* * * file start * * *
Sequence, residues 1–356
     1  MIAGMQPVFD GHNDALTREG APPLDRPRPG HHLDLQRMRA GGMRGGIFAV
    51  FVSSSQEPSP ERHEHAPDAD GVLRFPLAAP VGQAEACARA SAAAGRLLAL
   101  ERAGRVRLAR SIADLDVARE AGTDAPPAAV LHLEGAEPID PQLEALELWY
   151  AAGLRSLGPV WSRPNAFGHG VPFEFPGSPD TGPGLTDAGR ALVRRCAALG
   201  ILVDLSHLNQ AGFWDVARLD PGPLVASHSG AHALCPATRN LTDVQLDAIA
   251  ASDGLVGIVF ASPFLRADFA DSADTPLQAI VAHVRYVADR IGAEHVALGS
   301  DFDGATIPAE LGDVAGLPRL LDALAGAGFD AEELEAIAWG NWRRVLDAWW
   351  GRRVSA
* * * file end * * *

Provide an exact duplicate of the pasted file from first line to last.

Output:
Sequence, residues 1–356
     1  MIAGMQPVFD GHNDALTREG APPLDRPRPG HHLDLQRMRA GGMRGGIFAV
    51  FVSSSQEPSP ERHEHAPDAD GVLRFPLAAP VGQAEACARA SAAAGRLLAL
   101  ERAGRVRLAR SIADLDVARE AGTDAPPAAV LHLEGAEPID PQLEALELWY
   151  AAGLRSLGPV WSRPNAFGHG VPFEFPGSPD TGPGLTDAGR ALVRRCAALG
   201  ILVDLSHLNQ AGFWDVARLD PGPLVASHSG AHALCPATRN LTDVQLDAIA
   251  ASDGLVGIVF ASPFLRADFA DSADTPLQAI VAHVRYVADR IGAEHVALGS
   301  DFDGATIPAE LGDVAGLPRL LDALAGAGFD AEELEAIAWG NWRRVLDAWW
   351  GRRVSA